London Is Open… and so are The Showstoppers
In a vast library of videos over the past 11 years, here’s a Showstopper! sample that still tickles me: a Brexit-soothing ditty for the Mayor London’s post-2016 referendum London Is Open campaign.
After Q&A events in 2018 for The Pit and the Pendulum, Blood Wedding, The Yellow Wallpaper and The Soul of Wittgenstein, I’ll return to the Omnibus Theatre in 2019 for a rarely seen French modern classic…
“BANG, BANG, BANG. That’s love for you…”
Fizzing comedy and catastrophe collide in multi-award-winning director Kristine Landon-Smith’s revival of The Orchestra, the neglected 1960 play by celebrated French dramatist Jean Anouilh, whose other often-absurdist classics include Antigone, Eurydice, The Lark and Becket.
A third-rate orchestra in a French spa town play time-worn musical arrangements to an indifferent audience. In between the musical interludes, idle chit-chat reveals the power struggles that lurk behind the ensemble’s shiny veneer.
As the overture descends into an intoxicating symphony of piercing jealousy, bizarre gossip and thwarted emotions, the musicians reach an unexpected finale – but the music goes jauntily on…
For the Q&A after the 7.30pm performance of The Orchestra on Tuesday 5 February 2019, I’ll be joined by director Kristine Landon-Smith and members of the company.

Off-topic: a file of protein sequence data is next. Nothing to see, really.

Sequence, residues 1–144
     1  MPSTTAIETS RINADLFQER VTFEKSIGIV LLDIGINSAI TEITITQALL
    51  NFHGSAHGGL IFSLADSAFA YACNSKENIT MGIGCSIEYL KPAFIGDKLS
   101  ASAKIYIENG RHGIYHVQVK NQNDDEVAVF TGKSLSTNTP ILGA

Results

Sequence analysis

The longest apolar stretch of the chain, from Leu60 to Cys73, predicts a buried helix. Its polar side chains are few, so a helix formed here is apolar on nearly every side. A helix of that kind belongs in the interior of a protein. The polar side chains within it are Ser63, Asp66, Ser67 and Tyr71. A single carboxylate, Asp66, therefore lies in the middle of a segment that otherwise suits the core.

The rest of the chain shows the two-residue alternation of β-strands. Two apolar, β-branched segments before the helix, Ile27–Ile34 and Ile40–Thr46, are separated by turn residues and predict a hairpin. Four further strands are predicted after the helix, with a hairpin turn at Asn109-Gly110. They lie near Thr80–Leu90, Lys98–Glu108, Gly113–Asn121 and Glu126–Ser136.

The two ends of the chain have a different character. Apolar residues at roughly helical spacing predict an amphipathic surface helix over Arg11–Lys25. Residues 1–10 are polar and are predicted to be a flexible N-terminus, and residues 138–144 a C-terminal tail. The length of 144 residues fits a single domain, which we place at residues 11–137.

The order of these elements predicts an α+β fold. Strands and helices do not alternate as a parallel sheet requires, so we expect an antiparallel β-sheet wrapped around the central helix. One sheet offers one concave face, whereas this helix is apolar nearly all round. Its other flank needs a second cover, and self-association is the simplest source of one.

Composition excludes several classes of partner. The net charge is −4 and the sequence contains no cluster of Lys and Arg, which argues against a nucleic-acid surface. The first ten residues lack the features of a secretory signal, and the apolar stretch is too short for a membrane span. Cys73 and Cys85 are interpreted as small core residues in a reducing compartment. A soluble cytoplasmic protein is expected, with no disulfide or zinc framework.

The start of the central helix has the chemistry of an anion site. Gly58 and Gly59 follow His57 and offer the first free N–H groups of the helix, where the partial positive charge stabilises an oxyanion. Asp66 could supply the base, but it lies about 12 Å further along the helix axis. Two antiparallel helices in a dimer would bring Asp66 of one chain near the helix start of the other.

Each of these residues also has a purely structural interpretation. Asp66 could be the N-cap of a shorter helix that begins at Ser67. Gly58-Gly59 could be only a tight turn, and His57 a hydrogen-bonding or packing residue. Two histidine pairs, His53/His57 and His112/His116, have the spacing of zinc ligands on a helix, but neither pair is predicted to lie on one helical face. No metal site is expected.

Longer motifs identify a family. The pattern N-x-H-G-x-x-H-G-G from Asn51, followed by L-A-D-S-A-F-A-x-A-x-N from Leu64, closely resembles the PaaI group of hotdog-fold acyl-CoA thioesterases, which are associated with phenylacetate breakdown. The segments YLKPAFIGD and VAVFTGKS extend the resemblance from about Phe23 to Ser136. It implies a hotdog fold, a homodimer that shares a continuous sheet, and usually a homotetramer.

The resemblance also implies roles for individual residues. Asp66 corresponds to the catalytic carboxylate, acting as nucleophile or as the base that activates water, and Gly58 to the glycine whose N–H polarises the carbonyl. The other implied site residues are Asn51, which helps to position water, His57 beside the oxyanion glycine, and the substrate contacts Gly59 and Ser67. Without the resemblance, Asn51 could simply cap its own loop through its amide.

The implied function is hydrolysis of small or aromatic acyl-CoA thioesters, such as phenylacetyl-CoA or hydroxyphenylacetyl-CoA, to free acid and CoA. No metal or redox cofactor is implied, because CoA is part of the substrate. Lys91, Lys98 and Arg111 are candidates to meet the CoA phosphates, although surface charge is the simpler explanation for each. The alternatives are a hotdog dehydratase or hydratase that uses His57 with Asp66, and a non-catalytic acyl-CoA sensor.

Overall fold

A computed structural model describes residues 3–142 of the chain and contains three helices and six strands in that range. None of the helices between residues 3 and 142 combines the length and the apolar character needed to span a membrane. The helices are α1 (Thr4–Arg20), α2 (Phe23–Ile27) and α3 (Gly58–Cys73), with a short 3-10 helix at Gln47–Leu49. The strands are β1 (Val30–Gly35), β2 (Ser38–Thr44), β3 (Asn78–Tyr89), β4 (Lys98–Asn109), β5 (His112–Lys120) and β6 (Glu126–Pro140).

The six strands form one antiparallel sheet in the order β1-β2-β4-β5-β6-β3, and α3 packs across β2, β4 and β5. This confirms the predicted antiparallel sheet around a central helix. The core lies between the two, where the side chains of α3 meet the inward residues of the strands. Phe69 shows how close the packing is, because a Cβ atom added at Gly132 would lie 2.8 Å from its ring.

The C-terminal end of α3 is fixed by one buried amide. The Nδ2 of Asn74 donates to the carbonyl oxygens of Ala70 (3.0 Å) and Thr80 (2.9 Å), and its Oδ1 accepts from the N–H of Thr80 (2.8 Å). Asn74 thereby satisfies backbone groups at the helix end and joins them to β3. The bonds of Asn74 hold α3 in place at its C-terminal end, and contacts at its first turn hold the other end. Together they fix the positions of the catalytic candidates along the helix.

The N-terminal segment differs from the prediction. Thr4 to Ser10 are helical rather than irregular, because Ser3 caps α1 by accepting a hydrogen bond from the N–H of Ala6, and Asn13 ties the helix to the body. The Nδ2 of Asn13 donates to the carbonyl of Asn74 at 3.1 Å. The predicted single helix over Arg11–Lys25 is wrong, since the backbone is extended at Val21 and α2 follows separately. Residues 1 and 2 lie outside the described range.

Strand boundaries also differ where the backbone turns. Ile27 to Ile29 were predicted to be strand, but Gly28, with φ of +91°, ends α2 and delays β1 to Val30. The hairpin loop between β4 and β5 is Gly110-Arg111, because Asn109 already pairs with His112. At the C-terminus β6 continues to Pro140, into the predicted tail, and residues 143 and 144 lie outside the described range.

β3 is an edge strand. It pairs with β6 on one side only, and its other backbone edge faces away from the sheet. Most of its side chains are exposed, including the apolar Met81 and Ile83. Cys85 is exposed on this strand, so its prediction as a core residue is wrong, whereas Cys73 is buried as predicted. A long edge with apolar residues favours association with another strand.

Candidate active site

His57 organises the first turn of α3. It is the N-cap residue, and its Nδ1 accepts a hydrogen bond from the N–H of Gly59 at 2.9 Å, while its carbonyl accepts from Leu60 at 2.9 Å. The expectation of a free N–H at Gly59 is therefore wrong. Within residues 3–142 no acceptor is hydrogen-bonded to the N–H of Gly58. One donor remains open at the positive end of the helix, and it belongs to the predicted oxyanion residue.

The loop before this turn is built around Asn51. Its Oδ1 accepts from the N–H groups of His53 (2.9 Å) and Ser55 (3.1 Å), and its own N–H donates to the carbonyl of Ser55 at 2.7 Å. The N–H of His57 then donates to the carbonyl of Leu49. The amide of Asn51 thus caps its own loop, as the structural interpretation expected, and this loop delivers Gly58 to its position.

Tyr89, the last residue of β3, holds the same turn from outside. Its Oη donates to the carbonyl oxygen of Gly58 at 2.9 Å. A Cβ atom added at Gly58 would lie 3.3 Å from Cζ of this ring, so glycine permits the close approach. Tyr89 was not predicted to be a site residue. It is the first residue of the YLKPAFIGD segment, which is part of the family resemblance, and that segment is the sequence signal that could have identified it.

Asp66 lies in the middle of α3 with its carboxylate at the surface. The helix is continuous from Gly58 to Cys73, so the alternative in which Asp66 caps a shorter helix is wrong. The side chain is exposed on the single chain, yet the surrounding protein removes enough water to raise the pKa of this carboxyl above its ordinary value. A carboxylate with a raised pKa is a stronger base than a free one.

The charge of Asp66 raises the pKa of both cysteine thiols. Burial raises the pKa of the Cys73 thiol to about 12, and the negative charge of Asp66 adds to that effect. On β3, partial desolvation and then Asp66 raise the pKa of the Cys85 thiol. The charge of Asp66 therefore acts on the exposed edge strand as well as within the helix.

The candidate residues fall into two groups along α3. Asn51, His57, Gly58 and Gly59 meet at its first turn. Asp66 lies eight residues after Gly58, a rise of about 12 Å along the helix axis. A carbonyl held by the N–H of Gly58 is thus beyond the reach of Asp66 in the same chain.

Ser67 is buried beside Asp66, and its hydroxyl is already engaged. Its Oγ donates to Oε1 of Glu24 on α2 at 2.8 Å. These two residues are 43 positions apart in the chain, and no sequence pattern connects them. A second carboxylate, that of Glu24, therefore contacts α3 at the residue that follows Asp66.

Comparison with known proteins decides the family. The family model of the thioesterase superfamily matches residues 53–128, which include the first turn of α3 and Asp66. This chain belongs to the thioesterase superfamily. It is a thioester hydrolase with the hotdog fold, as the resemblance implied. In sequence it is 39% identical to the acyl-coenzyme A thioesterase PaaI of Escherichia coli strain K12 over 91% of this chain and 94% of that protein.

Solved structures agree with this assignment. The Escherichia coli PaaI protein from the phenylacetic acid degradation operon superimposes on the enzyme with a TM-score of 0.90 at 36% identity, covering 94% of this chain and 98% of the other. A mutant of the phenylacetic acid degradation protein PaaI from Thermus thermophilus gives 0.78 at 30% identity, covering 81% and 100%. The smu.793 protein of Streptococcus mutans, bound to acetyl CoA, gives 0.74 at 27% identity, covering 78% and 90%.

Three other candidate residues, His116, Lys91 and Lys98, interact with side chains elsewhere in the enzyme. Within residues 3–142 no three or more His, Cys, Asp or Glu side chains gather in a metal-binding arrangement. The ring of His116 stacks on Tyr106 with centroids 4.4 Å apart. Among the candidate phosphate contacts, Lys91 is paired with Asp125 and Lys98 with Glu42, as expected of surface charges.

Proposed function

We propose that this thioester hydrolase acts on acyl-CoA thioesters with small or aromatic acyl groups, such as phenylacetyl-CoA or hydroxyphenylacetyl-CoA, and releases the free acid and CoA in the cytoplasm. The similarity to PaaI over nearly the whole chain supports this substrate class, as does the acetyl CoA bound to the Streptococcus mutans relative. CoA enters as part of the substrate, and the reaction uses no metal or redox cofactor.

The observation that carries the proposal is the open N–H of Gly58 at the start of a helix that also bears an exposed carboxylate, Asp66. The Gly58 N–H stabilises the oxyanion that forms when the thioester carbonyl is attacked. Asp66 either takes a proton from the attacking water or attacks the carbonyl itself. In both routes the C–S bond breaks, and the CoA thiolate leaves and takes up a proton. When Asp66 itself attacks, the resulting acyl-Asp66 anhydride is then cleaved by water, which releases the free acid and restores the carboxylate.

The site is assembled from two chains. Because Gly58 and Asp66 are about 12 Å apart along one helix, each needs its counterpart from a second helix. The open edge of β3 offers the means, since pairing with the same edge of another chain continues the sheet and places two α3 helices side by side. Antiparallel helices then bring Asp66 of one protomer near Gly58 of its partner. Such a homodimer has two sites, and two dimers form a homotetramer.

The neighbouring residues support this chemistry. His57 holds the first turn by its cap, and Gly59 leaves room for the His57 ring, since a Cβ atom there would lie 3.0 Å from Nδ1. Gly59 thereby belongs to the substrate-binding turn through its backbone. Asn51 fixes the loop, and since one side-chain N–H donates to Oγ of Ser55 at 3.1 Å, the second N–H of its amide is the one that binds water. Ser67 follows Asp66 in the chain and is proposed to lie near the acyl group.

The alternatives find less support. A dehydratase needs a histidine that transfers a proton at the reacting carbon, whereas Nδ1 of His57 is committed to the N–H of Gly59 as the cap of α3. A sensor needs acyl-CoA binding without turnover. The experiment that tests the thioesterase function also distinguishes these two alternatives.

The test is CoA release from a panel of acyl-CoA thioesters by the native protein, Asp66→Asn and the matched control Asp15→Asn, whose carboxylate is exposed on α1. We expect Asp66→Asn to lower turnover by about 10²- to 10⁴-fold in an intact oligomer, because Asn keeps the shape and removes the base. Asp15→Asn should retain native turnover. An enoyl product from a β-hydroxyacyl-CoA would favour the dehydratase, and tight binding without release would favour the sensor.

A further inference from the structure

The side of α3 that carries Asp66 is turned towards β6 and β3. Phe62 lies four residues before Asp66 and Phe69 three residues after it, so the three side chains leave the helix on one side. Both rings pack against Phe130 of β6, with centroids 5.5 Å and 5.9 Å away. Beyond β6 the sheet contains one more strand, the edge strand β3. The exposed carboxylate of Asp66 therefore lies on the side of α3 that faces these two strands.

After my December event at Dialektikon, I’m already looking forward to returning to the Park Theatre’s upstairs Park90 in the new year as part of a programme of events for the world premiere of Tom Wright’s My Dad’s Gap Year…
“Seriously, William, you’re eighteen and you’re gay, for Christ’s sake. You’re meant to swim against the tide. A proper gap year is all about travelling. Seeing the world. Popping your cherry. This is our chance to start living. Me and you.”
This is the story of Dave; a dad in mid-life freefall who takes his repressed, gay, teenage son William on a wild adventure to Thailand to lose his virginity. Written by Tom Wright and directed by Rikki Beadle-Blair (MBE), My Dad’s Gap Year is a wickedly funny and heartfelt story based on true events.